For another thing, the line between "unreasonable" and "really unreasonable" (i.e., "delusional") mistakes of fact is, as a practical matter, virtually entirely arbitrary.  Justice Corrigan says that when a belief is "divorced from the circumstances," it's delusional.  But all mistakes of fact are necessarily "divorced from the circumstances."  That's why they're mistakes.  The guy from 40 feet away who thinks that the cucumber is a gun is divorced from reality because the reality is that he's looking at a cucumber, not a gun.  Ditto for the guy two feet away.  This "divorced from the circumstances" standard makes no sense to me.

That's true even when one uses Justice Corrigan's hypothetical.  She says that if you see a stick and think it's a snake, that's imperfect self-defense, but not when you "see[] a snake where there is nothing snakelike."  But that's wrong on both ends.  On the one hand, when you see a stick and think it's a snake, that's "delusional" too because the stick ain't a snake; it's got no fangs, it's has no skin, it does not move, etc.  Your perception is "divorced from reality".  On the other end, it's meaningless for the Court to say that when you "see[] a snake where there is nothing snakelike," you're deluded.  If only because there's always something snakelike about everything, or at least those things you perceive as snakes.  Imagine that you perceive a dinner plate as a snake.  Well, they're both made of matter.  They are both roughly the same weight.  And, most relevantly, they both create the impression of a snake in your mind.  Which is why you honestly, but mistakenly, believe the plate is a snake.

It's simply arbitrary to say that things that are "snakelike" create a defense but thinks that are not "like a snake" do not.  Which characteristics matter?  Height?  Weight?  Shape?  Movement?  Remember that we're already (necessarily) talking about unreasonable mistakes of fact here.  Creating a legal dividing line between what's "snakelike" and what's not, when dealing with unreasonable mistakes, is to create an artificial and irrational distinction.

More importantly, it's a distinction that doesn't matter.  What matters, for culpability purposes, is what the defendant sees.  If the defendant honestly sees a snake, than that's what matters.  Because if he in fact honestly sees a snake, and shoots at it, thereby killing a person, it matters not whether the person was "snakelike" or not.  The fact is that the defendant shot at something he thought was a snake.  We should punish that person.  But not for a crime that requires malice.  Because he didn't have it.  We know that because the jury found that, in fact, the guy honestly thought he was shooting at a snake.

The California Supreme Court wants to channel all those inquiries into an "insanity" defense.  But that creates an arbitrary and irrational line.  For purposes of culpability, a guy who sees a snake because his eyesight is bad is no different than a guy who sees a snake because as a child, his parents daily put a snake into his crib while screaming the word "cucumber".  In both cases, someone sees a snake even though a snake is not, in fact, there.  That's what their brain processes.  When that's what their brain sees, and what they act upon, the culpability is the same.  Whether it's because their optic nerve is the one that's faulty or whether it's because the part of their brain that deals with cucumbers is faulty.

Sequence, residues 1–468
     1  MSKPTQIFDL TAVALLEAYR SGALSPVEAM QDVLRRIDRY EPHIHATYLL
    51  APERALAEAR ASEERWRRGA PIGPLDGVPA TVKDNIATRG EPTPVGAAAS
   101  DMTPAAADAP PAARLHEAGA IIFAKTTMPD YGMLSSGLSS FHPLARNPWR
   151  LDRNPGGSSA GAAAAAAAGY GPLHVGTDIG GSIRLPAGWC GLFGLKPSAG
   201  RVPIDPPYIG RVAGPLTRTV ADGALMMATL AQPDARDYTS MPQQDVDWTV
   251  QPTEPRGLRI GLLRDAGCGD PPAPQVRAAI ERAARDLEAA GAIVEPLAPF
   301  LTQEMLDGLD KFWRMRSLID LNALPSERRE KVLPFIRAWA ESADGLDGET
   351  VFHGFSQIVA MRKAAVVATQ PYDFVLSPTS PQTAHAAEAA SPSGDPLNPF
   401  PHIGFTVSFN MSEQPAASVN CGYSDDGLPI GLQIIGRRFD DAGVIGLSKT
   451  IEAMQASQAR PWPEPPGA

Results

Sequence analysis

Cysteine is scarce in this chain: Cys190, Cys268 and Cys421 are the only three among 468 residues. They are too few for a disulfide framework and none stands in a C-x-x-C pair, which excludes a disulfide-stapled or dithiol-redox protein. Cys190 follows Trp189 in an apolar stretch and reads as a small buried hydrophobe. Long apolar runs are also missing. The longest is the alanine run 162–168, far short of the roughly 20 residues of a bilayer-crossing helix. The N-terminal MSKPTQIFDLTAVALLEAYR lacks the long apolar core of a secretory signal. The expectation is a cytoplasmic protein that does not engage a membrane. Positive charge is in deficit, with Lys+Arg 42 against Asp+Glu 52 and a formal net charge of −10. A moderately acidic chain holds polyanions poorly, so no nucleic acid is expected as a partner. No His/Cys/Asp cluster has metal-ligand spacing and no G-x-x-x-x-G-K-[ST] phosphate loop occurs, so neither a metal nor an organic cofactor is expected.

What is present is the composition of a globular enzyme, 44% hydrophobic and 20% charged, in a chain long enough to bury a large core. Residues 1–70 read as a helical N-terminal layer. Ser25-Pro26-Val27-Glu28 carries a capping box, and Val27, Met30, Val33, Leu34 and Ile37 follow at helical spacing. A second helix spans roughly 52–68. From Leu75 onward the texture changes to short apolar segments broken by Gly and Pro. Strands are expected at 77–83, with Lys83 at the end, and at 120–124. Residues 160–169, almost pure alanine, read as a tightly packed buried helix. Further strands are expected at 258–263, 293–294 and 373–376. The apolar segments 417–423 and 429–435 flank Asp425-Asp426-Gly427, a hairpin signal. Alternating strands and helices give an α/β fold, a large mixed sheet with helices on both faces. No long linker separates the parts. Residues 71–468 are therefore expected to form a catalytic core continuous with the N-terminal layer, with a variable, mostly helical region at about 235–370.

Yes, I understand, there might be some overlap.  It may well be that insane people make mistakes of fact.  Indeed, I'm pretty confident that many do.  But that's no reason to deprive them of a defense that everyone else has.  One that's entirely appropriate to their undisputed mental state.

The California Supreme Court's opinion also results in a punishment scheme that seems profoundly distorted to me.  Under their view, this is the pantheon of punishment:

(1)  Reasonable mistakes of fact:  No punishment (i.e., acquittal).
(2)  Unreasonable mistakes of fact:  Some punishment (i.e., voluntary manslaughter).
(3)  Really unreasonable ("delusional") mistakes of fact:  Full punishment (i.e., first-degree murder).
(4)  Really, really unreasonable ("insanity") mistakes of fact:  No punishment (i.e., insanity acquittal).

How does the existence of (3) make any sense?  You would think that the degree of "crazy" (i.e. irrationality) would -- and should -- consistently scale with the degree of culpability.  So a deliberate, malicious person gets full punishment, a somewhat ("unreasonable") crazy person gets punished to a lesser degree (since they're less culpable), and a totally crazy ("insane") person gets no punishment (of a criminal nature) at all.

But under the majority's view, the partially crazy person ("unreasonable") gets lesser punishment, the totally crazy person ("insane") gets no punishment, but the guy in the sweet spot between these two -- the "delusional" person -- gets full punishment.  What the hell?

I need not discuss at length some of the additional arguments made by the dissent:  how the majority's rule conflicts with the statutory language, etc.  I think it sufficient that the majority's rule makes neither practical nor doctrinal sense.  Yeah, I get the practical reason why the Court might so hold:  it's much easier -- and punishes people a lot more severely (given the difficulty of mounting an insanity defense) -- to shunt all of these inquiries into a separate insanity phase.

But you can't do that.  Not if you have -- as we do -- a defense based upon imperfect self-defense.  If you have a regime that -- as we do -- looks into the mental state of the defendant, than that's what you have to do.  You can't coherently draw a doctrinal distinction between "crazy" and "really crazy" and "totally crazy" mental states.  Much less punish the middle of these more severely than the other two.

So, irony aside, I just think this decision is crazy.  Not delusional, mind you.  But unreasonable.

With the caveat that it shouldn't matter.